Review: River of Fundament

Capri Theatre

Capri Theatre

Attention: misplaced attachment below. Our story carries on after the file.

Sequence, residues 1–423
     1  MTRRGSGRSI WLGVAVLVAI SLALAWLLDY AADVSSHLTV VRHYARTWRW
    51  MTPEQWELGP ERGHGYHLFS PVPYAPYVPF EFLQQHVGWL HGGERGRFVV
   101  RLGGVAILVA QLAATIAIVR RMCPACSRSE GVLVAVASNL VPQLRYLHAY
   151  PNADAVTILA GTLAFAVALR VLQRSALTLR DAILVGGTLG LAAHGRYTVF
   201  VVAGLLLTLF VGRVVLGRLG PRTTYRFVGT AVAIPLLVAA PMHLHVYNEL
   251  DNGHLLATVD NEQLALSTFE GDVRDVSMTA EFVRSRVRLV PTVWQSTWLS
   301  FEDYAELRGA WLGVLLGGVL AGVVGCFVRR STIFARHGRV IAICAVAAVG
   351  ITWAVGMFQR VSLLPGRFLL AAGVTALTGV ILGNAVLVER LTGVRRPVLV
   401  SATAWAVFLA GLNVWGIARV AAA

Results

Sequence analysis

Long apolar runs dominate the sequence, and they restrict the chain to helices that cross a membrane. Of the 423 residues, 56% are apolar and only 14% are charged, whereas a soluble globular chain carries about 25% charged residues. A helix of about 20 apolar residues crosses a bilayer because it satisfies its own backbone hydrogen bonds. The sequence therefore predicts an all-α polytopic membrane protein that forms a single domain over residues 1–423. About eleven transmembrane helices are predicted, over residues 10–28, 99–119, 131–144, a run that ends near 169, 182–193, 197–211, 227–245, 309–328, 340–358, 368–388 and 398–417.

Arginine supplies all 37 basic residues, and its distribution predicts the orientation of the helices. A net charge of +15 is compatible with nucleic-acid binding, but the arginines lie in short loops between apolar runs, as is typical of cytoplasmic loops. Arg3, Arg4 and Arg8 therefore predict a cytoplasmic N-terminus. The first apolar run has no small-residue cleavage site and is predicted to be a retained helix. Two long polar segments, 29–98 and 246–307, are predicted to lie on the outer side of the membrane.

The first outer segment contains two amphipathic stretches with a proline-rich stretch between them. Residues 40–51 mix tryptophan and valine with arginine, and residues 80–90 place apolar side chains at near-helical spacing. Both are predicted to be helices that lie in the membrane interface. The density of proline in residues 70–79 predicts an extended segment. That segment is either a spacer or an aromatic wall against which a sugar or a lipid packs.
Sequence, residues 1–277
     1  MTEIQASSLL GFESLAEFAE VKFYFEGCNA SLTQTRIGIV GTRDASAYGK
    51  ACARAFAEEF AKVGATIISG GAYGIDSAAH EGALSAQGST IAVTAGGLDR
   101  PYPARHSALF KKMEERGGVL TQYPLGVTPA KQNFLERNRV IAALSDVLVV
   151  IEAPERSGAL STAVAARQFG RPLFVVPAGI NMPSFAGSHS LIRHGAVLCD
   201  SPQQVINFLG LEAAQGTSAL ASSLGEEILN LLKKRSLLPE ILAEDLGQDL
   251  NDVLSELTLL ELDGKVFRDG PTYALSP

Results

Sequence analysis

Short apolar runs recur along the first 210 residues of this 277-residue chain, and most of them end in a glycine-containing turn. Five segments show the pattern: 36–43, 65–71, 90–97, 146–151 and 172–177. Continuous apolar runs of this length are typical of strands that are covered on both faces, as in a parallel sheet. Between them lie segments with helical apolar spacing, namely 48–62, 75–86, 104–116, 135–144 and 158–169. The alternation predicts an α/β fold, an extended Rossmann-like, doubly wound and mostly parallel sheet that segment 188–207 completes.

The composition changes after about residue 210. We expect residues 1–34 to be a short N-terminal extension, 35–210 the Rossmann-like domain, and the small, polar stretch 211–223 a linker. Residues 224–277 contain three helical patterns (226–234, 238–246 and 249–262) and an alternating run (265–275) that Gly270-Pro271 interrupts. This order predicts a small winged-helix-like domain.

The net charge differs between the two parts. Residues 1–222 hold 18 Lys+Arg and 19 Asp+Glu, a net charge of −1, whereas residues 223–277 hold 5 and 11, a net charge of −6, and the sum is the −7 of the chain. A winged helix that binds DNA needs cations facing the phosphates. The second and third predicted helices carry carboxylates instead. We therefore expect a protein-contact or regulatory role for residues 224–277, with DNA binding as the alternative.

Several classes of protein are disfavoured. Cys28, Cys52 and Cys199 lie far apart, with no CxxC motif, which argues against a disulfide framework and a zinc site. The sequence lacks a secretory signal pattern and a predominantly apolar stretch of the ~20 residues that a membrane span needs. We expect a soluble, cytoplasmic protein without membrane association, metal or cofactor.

The controversy surrounding Matthew Barney’s seven-years-in-the-making five-and-a-half hour epic is completely justified – but the film is no more dangerous than any other piece of art. To give a sculpture or painting a rating out of five seems superfluous. Therefore, River of Fundament can’t be rated, just as it can’t fit in within the classification system of mainstream cinema. While gratuitous violence and sex are coupled with a focus on bodily fluids and functions, Barney does so in a way that is completely unsexy, removing any erotic meaning that could line it with pornography. River of Fundament is a loose interpretation of Norman Mailer’s 1983 misunderstood novel, Ancient Evenings. A central narrative of the happenings at Mailer’s own wake, with Mailer attending as an ‘undead soul’ who reincarnates to reach his final form, ties together stories of Egyptian Gods behaving badly – Isis, Osiris, Horus and Set among them. Much of this narrative is set against the fall of a motor vehicle industry in Detroit, a novel representation for the main theme of reincarnation and rebirth. The narrative is driven by Jonathon Bepler’s exceptional score; making the piece more like an opera than a soundtrack. Anything from the gargle of water to children tinkering on Hasbro toys to exotic sopranos are utilised by Bepler to tremendous effect. Hyper-realistic and stooped in thick layers of symbolism, it’s impossible to take all of River of Fundament in at first watch. This is high art in its most confronting form. Even though Hollywood arthouse royalty Paul Giamatti, Maggie Gyllenhaal and Ellen Burstyn grace their presence, it’s in no way a ‘movie’ – it’s performance art. The actors are all performance artists; one of the hardest elements to process is just how much of the life-endangering sequences and graphic sex acts are stylised, and how much are real. The fear of the unknown is at times completely overwhelming. At any moment anything can happen – there are literally no boundaries to how far Barney will push his performers – a fear completely foreign in mainstream cinema. The true triumph of River of Fundament is just how gripping it is. Even as the hours tick by, it is utterly watchable. You fear missing a single scene will render the whole film a redundant mess – wasting all your time and effort thus far. Surviving the film is a test of endurance. You leave moved, exhausted and affected. Considering this impact, provoking reaction and discourse, is the goal of any form of high art, Barney has succeeded. Just don’t ask me to watch it again. Rating: NA River of Fundament screens today (Monday, March 3) at 5pm at the Capri Theatre

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